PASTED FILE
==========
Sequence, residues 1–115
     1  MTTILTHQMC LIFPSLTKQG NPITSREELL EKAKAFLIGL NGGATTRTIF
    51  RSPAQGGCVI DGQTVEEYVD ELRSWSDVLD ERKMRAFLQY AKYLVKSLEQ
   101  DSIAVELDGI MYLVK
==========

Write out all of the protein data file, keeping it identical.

Sequence, residues 1–115
     1  MTTILTHQMC LIFPSLTKQG NPITSREELL EKAKAFLIGL NGGATTRTIF
    51  RSPAQGGCVI DGQTVEEYVD ELRSWSDVLD ERKMRAFLQY AKYLVKSLEQ
   101  DSIAVELDGI MYLVK